Oil price probe widens, senator wants Justice Department help
By Simon Falush and Timothy Gardner
LONDON/WASHINGTON (Reuters) - A European probe into possible oil price manipulation expanded with the investigation of a small niche trading house in the Netherlands, while a key U.S. senator on Friday called for the Justice Department to join the investigation.
Dutch trading house Argos Energies, a mid-sized trading company that deals in physical oil products and owns storage facilities, was visited by inspectors from the European Commission on Tuesday, a source familiar with the investigation said on Friday.
The visit occurred on the same day that authorities raided the London bureau of pricing agency Platts, and the offices of Statoil, Royal Dutch Shell and BP in the biggest cross-border action since the probe into rigging of Libor benchmark interest rates.
In Washington, the chairman of the Senate's energy committee asked the Justice Department to investigate whether alleged price manipulation has boosted fuel prices for U.S. consumers.
"Efforts to manipulate the European oil indices, if proven, may have already impacted U.S. consumers and businesses, because of the interrelationships among world oil markets and hedging practices," Senator Ron Wyden, the chairman of the Senate Energy and Natural Resources Committee, wrote in a letter to Attorney General Eric Holder.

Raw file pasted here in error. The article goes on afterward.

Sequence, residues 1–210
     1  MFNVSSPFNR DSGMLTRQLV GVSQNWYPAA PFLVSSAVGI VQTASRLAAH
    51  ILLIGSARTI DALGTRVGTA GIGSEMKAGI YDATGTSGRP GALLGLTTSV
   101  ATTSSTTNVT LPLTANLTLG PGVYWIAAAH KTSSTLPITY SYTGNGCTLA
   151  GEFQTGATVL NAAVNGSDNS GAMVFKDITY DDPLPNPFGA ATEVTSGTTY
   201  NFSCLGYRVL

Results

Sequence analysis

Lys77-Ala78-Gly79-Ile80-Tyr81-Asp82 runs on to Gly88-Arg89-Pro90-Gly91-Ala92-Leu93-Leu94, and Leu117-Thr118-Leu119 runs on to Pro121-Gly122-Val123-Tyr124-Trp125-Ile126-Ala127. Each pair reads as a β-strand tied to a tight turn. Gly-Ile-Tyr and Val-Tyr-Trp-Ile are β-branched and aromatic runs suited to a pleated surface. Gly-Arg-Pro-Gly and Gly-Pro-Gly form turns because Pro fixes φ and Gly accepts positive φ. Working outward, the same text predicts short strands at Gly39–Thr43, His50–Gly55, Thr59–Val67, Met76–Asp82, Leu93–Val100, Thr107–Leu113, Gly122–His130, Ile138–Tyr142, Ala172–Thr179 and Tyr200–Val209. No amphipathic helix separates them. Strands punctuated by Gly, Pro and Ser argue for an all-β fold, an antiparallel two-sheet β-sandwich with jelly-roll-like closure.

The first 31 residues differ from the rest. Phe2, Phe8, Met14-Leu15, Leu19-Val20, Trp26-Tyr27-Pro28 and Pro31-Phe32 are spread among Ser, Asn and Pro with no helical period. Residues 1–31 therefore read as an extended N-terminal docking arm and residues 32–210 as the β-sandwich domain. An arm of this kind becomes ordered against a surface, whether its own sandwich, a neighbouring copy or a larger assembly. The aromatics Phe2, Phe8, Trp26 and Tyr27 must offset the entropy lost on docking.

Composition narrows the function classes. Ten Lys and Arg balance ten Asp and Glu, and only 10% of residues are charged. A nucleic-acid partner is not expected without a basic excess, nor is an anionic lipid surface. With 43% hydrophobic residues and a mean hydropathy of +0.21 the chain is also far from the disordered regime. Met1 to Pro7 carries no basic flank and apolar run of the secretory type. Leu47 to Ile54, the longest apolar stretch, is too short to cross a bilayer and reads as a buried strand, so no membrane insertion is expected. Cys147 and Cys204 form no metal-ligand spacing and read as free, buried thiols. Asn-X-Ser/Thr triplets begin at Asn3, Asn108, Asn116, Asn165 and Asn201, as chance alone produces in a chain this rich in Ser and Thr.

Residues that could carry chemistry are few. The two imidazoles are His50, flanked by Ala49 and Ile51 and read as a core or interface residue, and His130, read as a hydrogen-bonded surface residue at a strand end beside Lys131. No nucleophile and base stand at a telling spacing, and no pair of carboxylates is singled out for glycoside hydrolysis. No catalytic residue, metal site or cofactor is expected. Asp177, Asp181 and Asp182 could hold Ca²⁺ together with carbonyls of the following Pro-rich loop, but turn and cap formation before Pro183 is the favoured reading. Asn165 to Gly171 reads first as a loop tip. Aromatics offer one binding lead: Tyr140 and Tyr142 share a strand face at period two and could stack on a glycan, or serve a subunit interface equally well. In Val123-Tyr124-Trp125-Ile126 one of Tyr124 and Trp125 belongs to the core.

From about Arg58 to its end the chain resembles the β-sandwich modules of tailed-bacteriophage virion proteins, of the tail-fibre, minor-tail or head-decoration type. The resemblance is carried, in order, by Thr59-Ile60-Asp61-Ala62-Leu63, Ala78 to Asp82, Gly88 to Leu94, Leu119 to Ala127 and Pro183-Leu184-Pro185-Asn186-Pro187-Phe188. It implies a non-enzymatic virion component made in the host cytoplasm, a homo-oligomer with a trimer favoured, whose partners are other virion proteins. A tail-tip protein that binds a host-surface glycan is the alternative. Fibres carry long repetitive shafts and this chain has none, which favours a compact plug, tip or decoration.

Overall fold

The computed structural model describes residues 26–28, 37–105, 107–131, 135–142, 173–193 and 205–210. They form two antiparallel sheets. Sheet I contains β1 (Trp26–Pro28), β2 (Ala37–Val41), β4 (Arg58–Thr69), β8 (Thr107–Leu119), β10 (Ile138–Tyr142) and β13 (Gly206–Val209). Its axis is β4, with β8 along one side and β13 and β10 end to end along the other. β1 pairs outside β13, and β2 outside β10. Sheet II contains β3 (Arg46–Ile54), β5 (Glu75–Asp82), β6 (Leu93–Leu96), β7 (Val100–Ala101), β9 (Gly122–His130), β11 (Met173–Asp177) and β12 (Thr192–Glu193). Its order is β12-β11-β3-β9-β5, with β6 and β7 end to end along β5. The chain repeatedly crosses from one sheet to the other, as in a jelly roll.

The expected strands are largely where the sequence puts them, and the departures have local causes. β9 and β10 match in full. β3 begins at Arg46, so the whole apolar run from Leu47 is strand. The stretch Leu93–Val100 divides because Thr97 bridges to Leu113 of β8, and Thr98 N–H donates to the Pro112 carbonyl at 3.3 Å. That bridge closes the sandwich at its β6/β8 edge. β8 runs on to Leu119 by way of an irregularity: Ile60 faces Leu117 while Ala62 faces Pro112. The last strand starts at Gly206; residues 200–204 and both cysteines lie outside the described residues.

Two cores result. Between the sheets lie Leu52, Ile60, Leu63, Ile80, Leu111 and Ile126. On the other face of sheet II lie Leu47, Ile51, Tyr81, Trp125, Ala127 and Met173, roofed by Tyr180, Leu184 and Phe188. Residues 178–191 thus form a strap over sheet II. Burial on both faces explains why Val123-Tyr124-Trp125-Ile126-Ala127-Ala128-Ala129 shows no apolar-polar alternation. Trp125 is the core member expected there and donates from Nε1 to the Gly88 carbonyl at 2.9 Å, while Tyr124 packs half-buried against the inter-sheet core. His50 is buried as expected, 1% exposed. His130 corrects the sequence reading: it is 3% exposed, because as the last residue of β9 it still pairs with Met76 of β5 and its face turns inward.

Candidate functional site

The U.S. Commodity Futures Trading Commission and Federal Trade Commission have both declined to comment on any role or coordination with EU authorities in the probe. U.S. politicians including Wyden often call for enquiries into issues that affect gasoline prices, although regulators are not obligated to take action.
A spokesman for the Justice Department would not comment on whether the agency would undertake a probe, but said it was reviewing Wyden's letter.
Authorities have sharpened scrutiny of financial benchmarks around the world since slapping large fines on some of the world's biggest banks for rigging interest rate benchmarks. Continued...